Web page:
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Is Narcissism Genetic?




When you grow up with a narcissistic parent, your upbringing is far from normal. You probably didn't have a happy childhood, and learned to cope as best as you could. This can lead to different coping skills in different people, and most of them aren't good for your mental health as an adult.


If you have grown up with a narcissistic parent, you may be asking yourself if you are at risk to become a narcissist as well. However, just the fact that you are reflecting about this is a positive sign. It shows that you are open to being the kind of person who is caring and compassionate towards others. In short, if you are worried about becoming a narcissist, you probably know that this isn't what you want for your life or your relationships.


What the Science Says


Since narcissists often don't realize that they have a problem, they will often not present for treatment in a therapeutic setting. This can make research on narcissism somewhat different. However, there have been some studies done on Narcissistic Personality Disorder, to determine if it is passed down in families.


According to Charlie Health,

Several studies from across the world have demonstrated that narcissism is, at least partly, genetic. According to a couple of studies, the risk of inheriting narcissism is over 50% in some cases.

This may seem deeply troubling if you have grown up with a narcissistic parent in your household. It can be a deep fear for many of us who have grown up this way that we will grow up to be like our parents. We realize the deep scars that a narcissist can leave on the psyche of those around them, and this isn't something we want to pass on.


Take heart, though. According to Duke Health:

No, there is no gene for NPD, and people are not born with it. Like other mental health conditions, environment is a major factor. Children who are encouraged to believe they are extraordinary and always deserve the best -- sometimes at the expense of others -- could later develop NPD. In these children, traits like confidence are rewarded, while qualities like empathy are not.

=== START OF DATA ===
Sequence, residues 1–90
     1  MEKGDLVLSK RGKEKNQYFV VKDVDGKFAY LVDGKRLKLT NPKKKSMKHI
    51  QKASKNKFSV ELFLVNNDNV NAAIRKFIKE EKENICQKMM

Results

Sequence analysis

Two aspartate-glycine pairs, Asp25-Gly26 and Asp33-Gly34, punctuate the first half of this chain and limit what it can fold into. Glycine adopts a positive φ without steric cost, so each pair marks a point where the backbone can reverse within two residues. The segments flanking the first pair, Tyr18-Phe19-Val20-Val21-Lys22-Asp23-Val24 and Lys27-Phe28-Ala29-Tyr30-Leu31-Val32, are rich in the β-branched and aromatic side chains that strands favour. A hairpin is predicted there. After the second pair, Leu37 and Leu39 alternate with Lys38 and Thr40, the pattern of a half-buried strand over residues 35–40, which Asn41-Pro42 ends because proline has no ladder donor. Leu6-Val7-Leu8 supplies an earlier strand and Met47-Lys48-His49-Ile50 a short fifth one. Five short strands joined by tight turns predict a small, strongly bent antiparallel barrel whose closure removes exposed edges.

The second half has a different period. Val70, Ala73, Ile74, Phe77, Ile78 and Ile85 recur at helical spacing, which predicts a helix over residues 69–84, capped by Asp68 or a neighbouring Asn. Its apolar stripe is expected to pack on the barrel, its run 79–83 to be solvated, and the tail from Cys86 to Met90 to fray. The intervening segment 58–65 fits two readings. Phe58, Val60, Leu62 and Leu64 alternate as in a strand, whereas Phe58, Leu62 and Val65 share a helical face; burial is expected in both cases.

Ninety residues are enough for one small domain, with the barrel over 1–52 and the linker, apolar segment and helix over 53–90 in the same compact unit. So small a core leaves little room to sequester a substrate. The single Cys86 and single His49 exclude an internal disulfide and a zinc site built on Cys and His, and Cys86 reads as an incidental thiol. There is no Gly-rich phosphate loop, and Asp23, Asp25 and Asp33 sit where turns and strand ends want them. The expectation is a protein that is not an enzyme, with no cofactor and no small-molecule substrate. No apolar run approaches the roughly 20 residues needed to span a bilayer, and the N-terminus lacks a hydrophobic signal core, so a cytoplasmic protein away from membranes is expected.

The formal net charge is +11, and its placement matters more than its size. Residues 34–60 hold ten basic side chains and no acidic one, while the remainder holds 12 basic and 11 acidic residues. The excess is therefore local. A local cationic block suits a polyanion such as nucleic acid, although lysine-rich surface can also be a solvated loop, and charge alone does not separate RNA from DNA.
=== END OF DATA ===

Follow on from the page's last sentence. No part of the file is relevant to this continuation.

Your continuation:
This research tells us that children who grow up to be narcissists, due to factors like a lack of empathy, are conditioned to have these beliefs in childhood. Environmental factors can explain why some children of narcissists grow up to be narcissists themselves, while others don't.


Some children seek to emulate their parents in order to please them. However, in the case of a child who has been hurt or shunned by a narcissistic parent, they are likely to want to be vastly different than their parents.


Psychology Today also tells us:

Here’s a lay description of how it works: The narcissist does not truly trust others in close relationships. Because the narcissist does not trust others, he (Note: you could just as easily change the pronoun to she) refuses to put himself in a position where he feels vulnerable. Despite the outward appearance of grandiosity and superiority, the narcissist actually lives in a state of anxiety and hypervigilance.

The takeaway here is that narcissists become so in order to avoid closeness with others. They don't feel save in being vulnerable, so they seek to be dominating instead.


How do I know if I'm a Narcissist?


If you have recently found out that one of your parents is a narcissist, and you are worried that you may be as well, it is best to seek help from a professional, as only a mental health professional can truly diagnose Narcissistic Personality Disorder. However, there are many signs that can point to this being the case.


According to The Mayo Clinic, here are some signs that someone may be a narcissist:


  • Have an unreasonably high sense of self-importance and require constant, excessive admiration.

  • Feel that they deserve privileges and special treatment.

  • Expect to be recognized as superior even without achievements.

  • Make achievements and talents seem bigger than they are.

  • Be preoccupied with fantasies about success, power, brilliance, beauty or the perfect mate.

  • Believe they are superior to others and can only spend time with or be understood by equally special people.